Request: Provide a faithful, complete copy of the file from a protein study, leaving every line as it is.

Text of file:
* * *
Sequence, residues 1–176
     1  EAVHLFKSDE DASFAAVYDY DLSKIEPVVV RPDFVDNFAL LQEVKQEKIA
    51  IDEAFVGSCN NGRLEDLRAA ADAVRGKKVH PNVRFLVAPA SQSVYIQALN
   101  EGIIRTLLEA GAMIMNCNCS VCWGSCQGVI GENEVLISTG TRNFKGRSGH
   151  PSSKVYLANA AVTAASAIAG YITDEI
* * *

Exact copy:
Sequence, residues 1–176
     1  EAVHLFKSDE DASFAAVYDY DLSKIEPVVV RPDFVDNFAL LQEVKQEKIA
    51  IDEAFVGSCN NGRLEDLRAA ADAVRGKKVH PNVRFLVAPA SQSVYIQALN
   101  EGIIRTLLEA GAMIMNCNCS VCWGSCQGVI GENEVLISTG TRNFKGRSGH
   151  PSSKVYLANA AVTAASAIAG YITDEI